The European Land Strategy 2030 itself indicates that there is enough roof surface area to reach the 40% target. However, the current deployment of renewables is being concentrated in the least populated areas of the continent and in peripheral regions, following a model of energy colonialism based on centralized, massive and large-scale megaprojects developed by large companies that occupy territories of sacrifice. In this way, production areas are moved away from consumption areas, giving the European population the false impression that the new renewable infrastructure has no impact.
However, in an international context where food shortages are increasing, agricultural land is being occupied in the slaughter territories that European policies themselves consider necessary to guarantee the supply of the population and to relocate food systems as a decarbonisation strategy.
Habitats of essential species for the proper functioning of ecosystems are also being destroyed following environmental assessment schemes that, among other errors, do not consider the cumulative effects of the concentration of these megaprojects, as dozens of researchers warned in the Spanish case in the magazine Science in December 2020.
In addition, renewable infrastructures consume water. In this way, the current deployment of megaprojects entails greater water stress in areas where available resources are scarce, competing with ecological flows and with other uses such as supply and irrigation, which are of great importance throughout the Mediterranean arch.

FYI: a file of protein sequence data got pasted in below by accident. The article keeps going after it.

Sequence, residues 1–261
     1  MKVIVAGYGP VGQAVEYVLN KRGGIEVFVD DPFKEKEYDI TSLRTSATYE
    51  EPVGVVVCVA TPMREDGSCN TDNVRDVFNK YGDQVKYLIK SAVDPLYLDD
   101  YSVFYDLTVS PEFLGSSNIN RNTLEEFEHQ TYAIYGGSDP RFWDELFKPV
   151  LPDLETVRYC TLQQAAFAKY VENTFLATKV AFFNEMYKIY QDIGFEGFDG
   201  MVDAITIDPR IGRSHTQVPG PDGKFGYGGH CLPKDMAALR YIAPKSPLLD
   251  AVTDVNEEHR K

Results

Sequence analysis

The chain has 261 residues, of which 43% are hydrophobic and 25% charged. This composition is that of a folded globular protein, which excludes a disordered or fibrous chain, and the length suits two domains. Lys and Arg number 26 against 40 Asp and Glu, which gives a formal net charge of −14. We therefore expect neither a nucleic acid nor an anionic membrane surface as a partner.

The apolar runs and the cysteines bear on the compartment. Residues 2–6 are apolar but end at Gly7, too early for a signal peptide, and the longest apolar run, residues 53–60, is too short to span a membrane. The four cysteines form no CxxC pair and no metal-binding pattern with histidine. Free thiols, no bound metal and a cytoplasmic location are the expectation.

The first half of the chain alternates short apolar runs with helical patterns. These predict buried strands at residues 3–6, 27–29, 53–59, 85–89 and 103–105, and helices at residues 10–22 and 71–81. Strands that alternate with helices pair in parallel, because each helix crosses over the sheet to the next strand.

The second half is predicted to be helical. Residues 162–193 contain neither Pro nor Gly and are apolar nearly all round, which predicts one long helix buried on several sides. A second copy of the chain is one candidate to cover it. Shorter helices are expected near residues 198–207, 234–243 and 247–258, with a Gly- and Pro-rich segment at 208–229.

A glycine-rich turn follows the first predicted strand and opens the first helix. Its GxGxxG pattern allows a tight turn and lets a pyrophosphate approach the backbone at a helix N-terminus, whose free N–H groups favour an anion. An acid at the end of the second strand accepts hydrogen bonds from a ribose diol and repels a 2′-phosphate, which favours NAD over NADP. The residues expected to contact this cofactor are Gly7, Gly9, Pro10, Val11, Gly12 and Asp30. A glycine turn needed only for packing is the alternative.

On the other hand, it is essential to analyze the role of electrical interconnections as the basis of this development. Through large very high voltage cross-border lines included in the Projects of Community Interest, Europe intends to facilitate the model of megaprojects concentrated in the peripheries, despite the inefficiency of this system. If we take as an example the electrical interconnection between Spain and France through the Bay of Biscay, the European Network of Electricity Transmission Network Operators itself, in the latest update of the 10-year Network Development Plan, recognizes that transmission losses in this centralized model they would be close to 40% of the new renewable energy that they would allow to integrate into the trans-European electricity grid. And in the case of the new interconnections planned between Spain and Europe, these losses would be close to 50%. In other words, one out of every two renewable megaprojects would only contribute to supporting these losses in the form of heat. This serious contradiction must be denounced, especially if we take into account that a photovoltaic panel installed in Warsaw would have an efficiency only 35% lower than the same panel installed in the fertile soils of the Vega de Granada.
Although it would deserve a more detailed analysis, I would like to point out here that the European Strategy for Hydrogen further deepens this perspective of energy colonialism by attempting to use an energy vector that, however, would have an inefficiency of around 90% if it were to be used in the motors of heavy machinery that cannot use electrical energy. In any case, it is not clear that we can use hydrogen since it accumulates serious technological problems that have not yet been resolved, as recognized by Group III of the IPCC.